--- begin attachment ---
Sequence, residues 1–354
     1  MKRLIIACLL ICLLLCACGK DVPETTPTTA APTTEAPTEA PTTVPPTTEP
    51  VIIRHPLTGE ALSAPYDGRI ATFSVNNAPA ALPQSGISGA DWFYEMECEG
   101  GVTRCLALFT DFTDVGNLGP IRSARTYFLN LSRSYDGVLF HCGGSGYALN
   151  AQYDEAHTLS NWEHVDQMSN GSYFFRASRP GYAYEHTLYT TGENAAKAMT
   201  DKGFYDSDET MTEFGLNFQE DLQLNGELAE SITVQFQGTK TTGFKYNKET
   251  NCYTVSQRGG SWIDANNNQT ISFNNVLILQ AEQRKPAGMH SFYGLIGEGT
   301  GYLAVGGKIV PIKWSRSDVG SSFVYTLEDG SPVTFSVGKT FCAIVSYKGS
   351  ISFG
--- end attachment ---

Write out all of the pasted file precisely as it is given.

Sequence, residues 1–354
     1  MKRLIIACLL ICLLLCACGK DVPETTPTTA APTTEAPTEA PTTVPPTTEP
    51  VIIRHPLTGE ALSAPYDGRI ATFSVNNAPA ALPQSGISGA DWFYEMECEG
   101  GVTRCLALFT DFTDVGNLGP IRSARTYFLN LSRSYDGVLF HCGGSGYALN
   151  AQYDEAHTLS NWEHVDQMSN GSYFFRASRP GYAYEHTLYT TGENAAKAMT
   201  DKGFYDSDET MTEFGLNFQE DLQLNGELAE SITVQFQGTK TTGFKYNKET
   251  NCYTVSQRGG SWIDANNNQT ISFNNVLILQ AEQRKPAGMH SFYGLIGEGT
   301  GYLAVGGKIV PIKWSRSDVG SSFVYTLEDG SPVTFSVGKT FCAIVSYKGS
   351  ISFG